Beyond the painting's face value, however, is a bold criticism of the nation's vanishing democracy. As the avatar for the fourth principal of Indonesia's philosophical foundation, Pancasila, which states "Democracy that is led by wisdom borne in consultation among the representatives of the people", the buffalo's decapitation symbolizes the death of Indonesian democracy at the hands of leaders who are easily seduced and intoxicated by worldly goods such as pleasure, power and money. As the medley of overlapping figures suggests, in such a situation mayhem is bound to ensue.
In the intentionally chaotic composition, it is not immediately easy to identify the painting's focal point. However, one figure is undoubtedly more prominent than the rest. Raised above the din by a chariot-like becak (pedicab tricycle) is a woman in pink kebaya. Her skin tone and clothes are lighter than those of other figures , and a young wine vendor is depicted pouring the drink into her cup from a long linear bamboo vessel, as if to guide the viewer's line of sight towards her presence. With her hair in a high chignon, her silhouette recalls that of Srikandi, a heroine from the Javanese wayang tales who is responsible for the safety and security of the hero's palace during the Bharatayudha war. This figure's presence appears to be Hendra's homage to shadow puppet theater, which he was involved in during his youth, and is a consistent influence throughout Hendra's career.
In the 20th century, Srikandi was recognized as the ultimate paradigm in heroism, particularly among women. The presence of the lady in a pink kebaya is likely to express Hendra's hope and prayer for a savior of the people. That his life-long veneration of women would lead him to dream of a heroine instead of a hero seems natural. It is indeed uncanny that Megawati Sukarnoputri, daughter of President Sukarno, would join PDI (Indonesian Democratic Party) in 1987, four years after Hendra's death, and would eventually become the Chairperson of PDI-P (Indonesian Democratic Party-Struggle), which is symbolized by the buffalo. To complete the narrative's epilogue, two decades after the completion of this painting, Megawati was elected the President of the Republic of Indonesia in 1999 and signified the triumph of "people's power".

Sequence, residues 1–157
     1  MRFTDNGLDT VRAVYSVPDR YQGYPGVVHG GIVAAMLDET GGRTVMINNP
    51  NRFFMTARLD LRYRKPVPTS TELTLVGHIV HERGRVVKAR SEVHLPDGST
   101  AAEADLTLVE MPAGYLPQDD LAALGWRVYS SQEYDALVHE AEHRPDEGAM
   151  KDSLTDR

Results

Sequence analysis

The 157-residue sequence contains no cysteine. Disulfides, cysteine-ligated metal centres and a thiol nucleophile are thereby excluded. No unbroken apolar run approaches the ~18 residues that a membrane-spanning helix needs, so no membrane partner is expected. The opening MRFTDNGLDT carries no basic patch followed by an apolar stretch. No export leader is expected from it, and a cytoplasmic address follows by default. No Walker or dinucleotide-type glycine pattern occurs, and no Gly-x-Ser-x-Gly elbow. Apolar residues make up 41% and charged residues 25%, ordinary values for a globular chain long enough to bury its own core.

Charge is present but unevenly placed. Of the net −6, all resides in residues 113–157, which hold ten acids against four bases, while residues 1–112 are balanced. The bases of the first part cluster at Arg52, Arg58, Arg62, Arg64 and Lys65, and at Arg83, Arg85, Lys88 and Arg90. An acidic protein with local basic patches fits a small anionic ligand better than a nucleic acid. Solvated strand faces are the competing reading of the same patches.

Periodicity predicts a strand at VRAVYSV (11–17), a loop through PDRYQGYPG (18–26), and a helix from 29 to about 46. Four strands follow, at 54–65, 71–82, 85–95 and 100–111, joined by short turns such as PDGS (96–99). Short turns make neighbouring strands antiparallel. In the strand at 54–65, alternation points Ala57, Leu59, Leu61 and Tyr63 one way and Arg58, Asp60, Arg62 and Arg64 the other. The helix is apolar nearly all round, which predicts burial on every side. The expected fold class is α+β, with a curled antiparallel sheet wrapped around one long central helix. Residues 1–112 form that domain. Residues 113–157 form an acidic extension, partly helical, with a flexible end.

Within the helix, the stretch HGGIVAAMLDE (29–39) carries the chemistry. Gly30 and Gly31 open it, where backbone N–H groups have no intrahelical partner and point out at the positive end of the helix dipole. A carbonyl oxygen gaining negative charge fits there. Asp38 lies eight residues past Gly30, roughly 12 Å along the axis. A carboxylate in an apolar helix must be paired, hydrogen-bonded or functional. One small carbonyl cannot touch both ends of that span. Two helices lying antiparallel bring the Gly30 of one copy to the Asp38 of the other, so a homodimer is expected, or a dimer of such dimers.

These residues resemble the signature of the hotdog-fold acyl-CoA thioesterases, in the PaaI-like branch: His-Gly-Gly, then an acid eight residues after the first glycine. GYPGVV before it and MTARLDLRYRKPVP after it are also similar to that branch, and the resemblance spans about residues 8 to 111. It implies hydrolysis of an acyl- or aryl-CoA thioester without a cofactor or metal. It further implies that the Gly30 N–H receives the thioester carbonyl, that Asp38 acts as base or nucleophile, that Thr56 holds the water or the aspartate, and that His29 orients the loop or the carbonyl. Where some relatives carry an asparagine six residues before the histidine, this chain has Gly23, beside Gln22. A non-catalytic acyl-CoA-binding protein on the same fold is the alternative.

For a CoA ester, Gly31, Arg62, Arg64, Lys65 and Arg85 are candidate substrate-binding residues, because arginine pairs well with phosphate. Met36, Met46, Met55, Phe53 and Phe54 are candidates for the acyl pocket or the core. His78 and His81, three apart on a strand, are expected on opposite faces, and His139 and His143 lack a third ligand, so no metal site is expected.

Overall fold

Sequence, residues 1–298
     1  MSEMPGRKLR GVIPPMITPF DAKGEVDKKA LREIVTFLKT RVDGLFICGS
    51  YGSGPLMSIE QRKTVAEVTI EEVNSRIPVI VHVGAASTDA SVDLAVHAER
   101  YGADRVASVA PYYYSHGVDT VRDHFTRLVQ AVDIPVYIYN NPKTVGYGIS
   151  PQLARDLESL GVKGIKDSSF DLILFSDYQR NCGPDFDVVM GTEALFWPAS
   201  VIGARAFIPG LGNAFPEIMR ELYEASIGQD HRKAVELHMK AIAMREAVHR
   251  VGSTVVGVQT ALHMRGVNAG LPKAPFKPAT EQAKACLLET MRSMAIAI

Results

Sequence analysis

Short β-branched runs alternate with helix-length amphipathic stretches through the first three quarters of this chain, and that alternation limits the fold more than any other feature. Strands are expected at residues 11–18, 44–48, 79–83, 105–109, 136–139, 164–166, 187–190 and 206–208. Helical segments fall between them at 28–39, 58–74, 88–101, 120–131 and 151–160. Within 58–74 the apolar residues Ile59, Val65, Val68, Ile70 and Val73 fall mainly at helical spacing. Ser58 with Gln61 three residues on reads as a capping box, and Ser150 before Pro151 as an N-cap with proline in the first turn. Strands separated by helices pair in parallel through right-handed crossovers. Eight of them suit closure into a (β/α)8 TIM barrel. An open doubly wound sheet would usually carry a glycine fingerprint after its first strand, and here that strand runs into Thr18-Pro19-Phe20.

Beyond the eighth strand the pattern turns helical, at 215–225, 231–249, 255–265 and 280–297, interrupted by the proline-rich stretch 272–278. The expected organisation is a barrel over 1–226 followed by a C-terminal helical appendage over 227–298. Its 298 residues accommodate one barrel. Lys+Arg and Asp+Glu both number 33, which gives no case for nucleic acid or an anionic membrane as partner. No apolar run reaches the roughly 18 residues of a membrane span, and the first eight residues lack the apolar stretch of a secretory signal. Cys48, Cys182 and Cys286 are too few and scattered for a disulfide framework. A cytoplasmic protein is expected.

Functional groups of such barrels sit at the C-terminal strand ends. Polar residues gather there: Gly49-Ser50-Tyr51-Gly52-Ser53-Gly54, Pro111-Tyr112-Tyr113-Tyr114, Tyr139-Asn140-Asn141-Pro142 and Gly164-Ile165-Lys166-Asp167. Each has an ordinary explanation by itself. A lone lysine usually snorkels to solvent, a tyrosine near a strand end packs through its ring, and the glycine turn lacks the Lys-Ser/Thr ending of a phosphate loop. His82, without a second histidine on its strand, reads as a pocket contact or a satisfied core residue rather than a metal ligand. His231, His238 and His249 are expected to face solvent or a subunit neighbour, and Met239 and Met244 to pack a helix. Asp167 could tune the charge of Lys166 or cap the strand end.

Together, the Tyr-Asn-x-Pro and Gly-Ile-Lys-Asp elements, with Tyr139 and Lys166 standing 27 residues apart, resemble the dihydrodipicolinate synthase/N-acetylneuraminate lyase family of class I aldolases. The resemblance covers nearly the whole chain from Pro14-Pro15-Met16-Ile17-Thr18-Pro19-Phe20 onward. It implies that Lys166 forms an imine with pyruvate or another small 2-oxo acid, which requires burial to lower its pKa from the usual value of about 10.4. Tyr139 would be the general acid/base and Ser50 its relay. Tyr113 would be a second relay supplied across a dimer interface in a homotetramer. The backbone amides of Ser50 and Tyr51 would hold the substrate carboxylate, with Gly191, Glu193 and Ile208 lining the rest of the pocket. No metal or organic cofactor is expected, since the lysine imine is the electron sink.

Hendra Gunawan mastered the subtleties and wisdom that are rooted in ancient Javanese tradition and ingeniously transformed them into a visual tour-de-force which teems with allegories and a well-choreographed composition. More than that however, the present work possesses an unquenchable and unencumbered expression of hope; that even in the midst of chaos, life is not about apathetically succumbing, rather it is about having courage to make a change. Full of symbolism and humour, it balances gravitas with wit, grotesque with elegance, horror with beauty, and history with promise. Bearing testimony to the evolution of a nation, Tuak Manis (Sweet Wine) is an iconic zenith of Hendra Gunawan's career.